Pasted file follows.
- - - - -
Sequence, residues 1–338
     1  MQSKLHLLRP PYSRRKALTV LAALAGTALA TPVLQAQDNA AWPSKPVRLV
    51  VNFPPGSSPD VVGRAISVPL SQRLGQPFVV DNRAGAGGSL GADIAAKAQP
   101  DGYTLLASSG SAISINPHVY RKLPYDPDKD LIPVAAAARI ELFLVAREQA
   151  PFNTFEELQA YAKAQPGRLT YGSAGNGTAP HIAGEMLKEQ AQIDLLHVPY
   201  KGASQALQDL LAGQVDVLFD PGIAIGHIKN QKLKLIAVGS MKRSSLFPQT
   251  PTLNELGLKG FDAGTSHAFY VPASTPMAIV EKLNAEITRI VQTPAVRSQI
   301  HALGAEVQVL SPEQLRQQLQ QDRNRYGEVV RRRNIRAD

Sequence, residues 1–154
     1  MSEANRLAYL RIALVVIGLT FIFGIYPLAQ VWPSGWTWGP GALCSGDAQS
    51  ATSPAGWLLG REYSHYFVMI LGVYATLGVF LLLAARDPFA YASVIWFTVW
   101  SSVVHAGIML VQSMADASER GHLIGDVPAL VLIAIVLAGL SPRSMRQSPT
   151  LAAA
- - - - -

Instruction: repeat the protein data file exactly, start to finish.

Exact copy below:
Sequence, residues 1–338
     1  MQSKLHLLRP PYSRRKALTV LAALAGTALA TPVLQAQDNA AWPSKPVRLV
    51  VNFPPGSSPD VVGRAISVPL SQRLGQPFVV DNRAGAGGSL GADIAAKAQP
   101  DGYTLLASSG SAISINPHVY RKLPYDPDKD LIPVAAAARI ELFLVAREQA
   151  PFNTFEELQA YAKAQPGRLT YGSAGNGTAP HIAGEMLKEQ AQIDLLHVPY
   201  KGASQALQDL LAGQVDVLFD PGIAIGHIKN QKLKLIAVGS MKRSSLFPQT
   251  PTLNELGLKG FDAGTSHAFY VPASTPMAIV EKLNAEITRI VQTPAVRSQI
   301  HALGAEVQVL SPEQLRQQLQ QDRNRYGEVV RRRNIRAD

Sequence, residues 1–154
     1  MSEANRLAYL RIALVVIGLT FIFGIYPLAQ VWPSGWTWGP GALCSGDAQS
    51  ATSPAGWLLG REYSHYFVMI LGVYATLGVF LLLAARDPFA YASVIWFTVW
   101  SSVVHAGIML VQSMADASER GHLIGDVPAL VLIAIVLAGL SPRSMRQSPT
   151  LAAA